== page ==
Some Fat Cats, fearful an income tax will skim off much of their cream, would instead ladle milk from your dividends into the fiscal gap. Ironically, to do so would simply foster more spending, which they assert they deplore. Do you think for a moment if dividends go, those dollars instead will be saved? Of course not. They'll simply be spent as politicians rather than you think best. Much pressure to cut excessive government costs will be gone.
In hope of conning you into letting them milk dividends, some Fat Cats assert they are but a socialistic redistribution of wealth. Nothing could be further from the truth. Socialistic redistribution of wealth involves taking money from the "haves" and redistributing it to the "have nots." Dividends, by contrast, make all of you a bit more of a "have" by putting some income generated from investments of your oil wealth directly into your pockets. You can then spend it for what you feel is your constitutionally mandated "maximum benefit" rather than permitting politicians to redistribute it as they see fit. Hardly socialistic, it makes each Alaskan a mini capitalist. Confiscating your dividends would be the worst kind of socialistic "redistribution": Taking the same number of dollars from even the most humble "haves" to pay for inequitably distributed programs is grossly unfair and the antithesis of what some so-called "conservatives" say they espouse.
Thanks to efforts of some like Sen. Stevens and Clem Tillion, who months ago proposed to President Bush that a dividend program be instituted in post-war Iraq, the democratic-capitalistic merits of such are being promoted by not only the president, but Colin Powell, several members of Congress, prominent economists, national newspapers and the World Bank. Why then do some Fat Cats plus a few timid politicians bad mouth it? Very simple. The very wealthy would prefer that all, including themselves, lose dividends rather than pay what they fear will be more in an income tax. Timid politicians simply lack the stomach for either making painful budget cuts or supporting revenue enhancements otherwise required to close the fiscal gap should they not be able to instead shovel your dividends into it.
I once considered myself a Fat Cat and thought I'd pay more income tax than with either a sales tax or dividends loss. Yet in checking my records to my surprise I found I'm a far leaner cat than I thought, i.e., had the House income tax passed two years ago it appears I would have paid far less than with the sales tax considered last session. However, in neither case would it cost as much as would loss of dividends. I suggest all you lean cats out there go through the same drill. You may be surprised. Be assured the Fat Cats have already done so. Hence the fatter the cat the louder the squall when it comes to an income tax. Understandable.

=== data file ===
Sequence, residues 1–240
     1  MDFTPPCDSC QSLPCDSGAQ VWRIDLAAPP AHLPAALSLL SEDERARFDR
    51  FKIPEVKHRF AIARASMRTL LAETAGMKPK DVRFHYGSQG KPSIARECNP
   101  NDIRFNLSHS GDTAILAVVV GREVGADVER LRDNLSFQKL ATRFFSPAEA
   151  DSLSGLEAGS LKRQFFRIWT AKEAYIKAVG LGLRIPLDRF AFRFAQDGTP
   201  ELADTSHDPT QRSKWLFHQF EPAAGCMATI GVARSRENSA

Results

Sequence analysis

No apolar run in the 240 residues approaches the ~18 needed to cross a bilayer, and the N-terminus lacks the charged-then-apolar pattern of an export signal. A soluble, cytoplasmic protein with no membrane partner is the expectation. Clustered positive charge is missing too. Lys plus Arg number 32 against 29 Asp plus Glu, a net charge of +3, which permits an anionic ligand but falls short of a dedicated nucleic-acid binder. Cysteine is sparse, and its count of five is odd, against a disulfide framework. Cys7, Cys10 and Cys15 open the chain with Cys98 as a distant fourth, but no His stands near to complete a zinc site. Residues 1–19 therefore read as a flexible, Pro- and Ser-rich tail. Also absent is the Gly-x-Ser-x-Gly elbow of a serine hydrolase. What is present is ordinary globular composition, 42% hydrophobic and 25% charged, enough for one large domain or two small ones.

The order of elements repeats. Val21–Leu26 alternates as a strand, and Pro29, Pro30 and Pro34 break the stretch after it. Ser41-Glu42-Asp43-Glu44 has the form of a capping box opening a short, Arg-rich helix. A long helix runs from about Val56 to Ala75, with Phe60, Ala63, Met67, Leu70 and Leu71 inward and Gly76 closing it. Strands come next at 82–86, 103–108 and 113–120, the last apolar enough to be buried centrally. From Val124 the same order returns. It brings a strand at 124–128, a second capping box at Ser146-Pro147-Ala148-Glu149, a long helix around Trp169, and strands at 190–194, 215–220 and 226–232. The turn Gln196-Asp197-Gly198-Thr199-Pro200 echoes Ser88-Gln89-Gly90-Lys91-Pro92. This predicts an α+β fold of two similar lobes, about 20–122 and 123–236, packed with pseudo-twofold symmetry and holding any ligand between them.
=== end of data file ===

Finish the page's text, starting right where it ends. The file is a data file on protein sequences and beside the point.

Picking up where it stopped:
Does that mean I favor an income tax? Though fiscally perhaps I should, philosophically I'm inclined to Gov. Murkowski's "user fee" concept. The more you benefit the more you should pay. That concept is far better and more fairly accommodated with a sales tax; at least so long as it does not cost the average Alaska family more than they receive in dividends. Only when it did so, should an income tax, (capped perhaps at no more than that year's dividend to reduce the howl from Fat Cats) be considered. Last should be any hit on dividends. Advantages of an income tax are federal tax deductibility and better assurance new development will pay its own way - something which little development other than oil now does absent an income tax. That's why we have a fiscal gap.
Though the income tax is D.O.A. according to co-chairmen of the House Ways and Means Committee, its Road Show could provide a great service by analyzing the comparative impact of sales, income taxes and dividend loss. The committee's objective should be to enlighten Alaskans as to which approach has the least adverse impact upon them. Let the chips fall where they may. Should some fall into their milk, perhaps at least a few thinking Fat Cats will be less likely to try to lap up your dividends.
Hammond is a former governor of Alaska. He lives in Port Alsworth.
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